How to Develop a Taste for Vegetables

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Vegetables are low in fat and calories and packed with nutrients, making them an important part of any healthy eating plan. But if you didn't grow up eating vegetables, you may find it hard to eat them now, even as an adult. Luckily, it's not too late to come around to vegetables. With so many different varieties of vegetables and delicious preparations available, you should be able to find a few vegetables that you can add to your regular diet. Branch out and give some new vegetables and cooking techniques a try -- you may find that you like vegetables more than you thought you did.


Give more vegetables a chance and you might find one or two that you actually enjoy. If you can't stomach green vegetables at first, or vegetables that can taste bitter, such as Brussels sprouts or cabbage, try something completely different. The North Dakota State University website recommends eating vegetables from every color of the rainbow. Try orange vegetables, such as carrots and sweet potatoes, which have a sweeter flavor than many green vegetables. Opt for red vegetables, such as red bell peppers and beets, to introduce new flavors and nutrients to your diet.

Use Flavors You Enjoy

If you love spicy foods, add more spice to your veggies to entice your taste buds. Try a vegetable-packed curry or salsa. If you like Asian flavors, shred fresh vegetables, such as cabbage or carrots, and toss them with an Asian-inspired dressing, made with soy sauce, ginger and sesame oil. Just avoid adding large amounts of fats, especially dairy-based fats, such as butter and cheese, to your vegetables dishes to ensure you still reap the veggies' healthy benefits.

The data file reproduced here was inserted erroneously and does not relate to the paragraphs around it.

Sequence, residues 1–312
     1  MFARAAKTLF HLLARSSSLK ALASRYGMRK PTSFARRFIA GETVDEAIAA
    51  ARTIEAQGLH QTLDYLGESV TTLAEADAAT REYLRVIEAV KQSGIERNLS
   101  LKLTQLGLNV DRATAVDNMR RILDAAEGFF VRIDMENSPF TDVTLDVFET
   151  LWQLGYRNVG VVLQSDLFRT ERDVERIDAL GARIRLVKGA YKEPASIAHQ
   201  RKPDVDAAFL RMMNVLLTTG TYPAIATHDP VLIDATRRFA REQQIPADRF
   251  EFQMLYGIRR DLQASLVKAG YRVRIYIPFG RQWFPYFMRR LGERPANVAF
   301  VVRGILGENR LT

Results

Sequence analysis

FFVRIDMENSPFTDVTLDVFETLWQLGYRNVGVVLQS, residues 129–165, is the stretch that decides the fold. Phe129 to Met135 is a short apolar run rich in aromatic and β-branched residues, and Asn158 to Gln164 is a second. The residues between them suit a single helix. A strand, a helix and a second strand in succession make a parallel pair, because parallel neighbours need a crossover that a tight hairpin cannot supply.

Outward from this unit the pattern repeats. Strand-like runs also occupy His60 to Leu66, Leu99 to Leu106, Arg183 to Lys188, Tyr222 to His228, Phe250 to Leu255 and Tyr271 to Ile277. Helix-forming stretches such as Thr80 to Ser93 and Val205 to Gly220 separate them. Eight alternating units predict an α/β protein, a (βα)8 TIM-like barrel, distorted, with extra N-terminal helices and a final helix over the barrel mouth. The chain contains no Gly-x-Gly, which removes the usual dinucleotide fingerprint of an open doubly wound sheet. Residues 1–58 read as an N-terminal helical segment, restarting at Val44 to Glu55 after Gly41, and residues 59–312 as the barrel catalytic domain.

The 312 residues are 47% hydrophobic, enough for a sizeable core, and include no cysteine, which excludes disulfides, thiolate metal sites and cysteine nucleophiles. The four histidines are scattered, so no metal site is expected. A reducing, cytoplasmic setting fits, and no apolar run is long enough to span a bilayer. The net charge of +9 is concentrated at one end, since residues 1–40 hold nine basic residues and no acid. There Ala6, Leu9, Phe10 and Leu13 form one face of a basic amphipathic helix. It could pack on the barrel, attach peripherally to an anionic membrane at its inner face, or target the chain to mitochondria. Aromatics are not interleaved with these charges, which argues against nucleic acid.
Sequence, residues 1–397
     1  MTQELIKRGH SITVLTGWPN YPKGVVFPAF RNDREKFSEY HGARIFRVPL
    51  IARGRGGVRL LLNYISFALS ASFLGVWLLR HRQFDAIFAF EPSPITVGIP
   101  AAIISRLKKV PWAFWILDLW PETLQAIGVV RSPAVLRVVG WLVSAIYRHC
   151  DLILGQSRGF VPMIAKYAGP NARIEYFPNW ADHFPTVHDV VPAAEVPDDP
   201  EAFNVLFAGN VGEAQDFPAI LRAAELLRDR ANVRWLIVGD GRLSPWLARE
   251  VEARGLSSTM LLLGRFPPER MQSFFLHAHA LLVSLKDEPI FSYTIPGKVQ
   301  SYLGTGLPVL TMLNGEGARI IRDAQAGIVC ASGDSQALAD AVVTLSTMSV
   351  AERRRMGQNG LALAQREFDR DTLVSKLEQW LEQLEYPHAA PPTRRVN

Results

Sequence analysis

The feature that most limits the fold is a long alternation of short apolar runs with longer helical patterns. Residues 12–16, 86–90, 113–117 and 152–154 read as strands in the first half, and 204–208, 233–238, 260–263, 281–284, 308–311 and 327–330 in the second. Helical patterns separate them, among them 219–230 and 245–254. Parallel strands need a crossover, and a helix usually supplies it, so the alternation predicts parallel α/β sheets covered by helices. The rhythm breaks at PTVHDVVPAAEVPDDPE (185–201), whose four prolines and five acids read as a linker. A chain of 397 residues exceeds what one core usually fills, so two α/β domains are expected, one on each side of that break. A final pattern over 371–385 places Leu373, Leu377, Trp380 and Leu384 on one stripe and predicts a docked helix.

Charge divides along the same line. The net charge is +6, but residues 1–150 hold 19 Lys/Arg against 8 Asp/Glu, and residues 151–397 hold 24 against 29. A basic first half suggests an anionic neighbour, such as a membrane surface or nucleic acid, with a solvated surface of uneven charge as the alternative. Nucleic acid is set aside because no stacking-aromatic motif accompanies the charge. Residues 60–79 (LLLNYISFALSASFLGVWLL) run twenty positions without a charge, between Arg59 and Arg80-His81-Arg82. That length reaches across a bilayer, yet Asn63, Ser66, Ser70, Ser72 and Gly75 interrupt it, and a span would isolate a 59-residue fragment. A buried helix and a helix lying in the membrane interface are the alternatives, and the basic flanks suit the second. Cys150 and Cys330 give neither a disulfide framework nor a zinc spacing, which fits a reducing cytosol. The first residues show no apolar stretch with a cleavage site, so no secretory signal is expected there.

Change Your Cooking Methods

Preparing vegetables to your liking is as important to your taste buds as choosing which vegetables to eat. If you're used to eating boiled vegetables, the cooking method may be the reason you're not a veggie fan. Boiling vegetables not only wipes out the nutrients, but all that hot water sucks the veggies' flavor right out of them. Instead, saute chopped fresh vegetables in a little bit of a healthy oil, such as olive oil, until they are slightly tender but still somewhat crisp. Or roast vegetables in a hot oven until the outsides start to turn brown, about 20 minutes in an oven preheated to 400 degrees Fahrenheit. If you still find you can't stomach vegetables this way, try tasting them raw, sprinkled with a small amount of salt and a squeeze of lemon juice. The crispness of a fresh veggie may be just the thing to entice your appetite.

Get Sneaky

If all else fails, trick yourself into liking vegetables. Shred carrots and add the gratings to muffins to add nutrients without adding an obvious carrot flavor. Finely chop green vegetables, such as spinach or broccoli, and add them to baked pasta dishes or casseroles. Just be sure to go light on added fats and use low-fat or fat-free dairy products when seasoning pasta and casseroles to keep your meals healthier.

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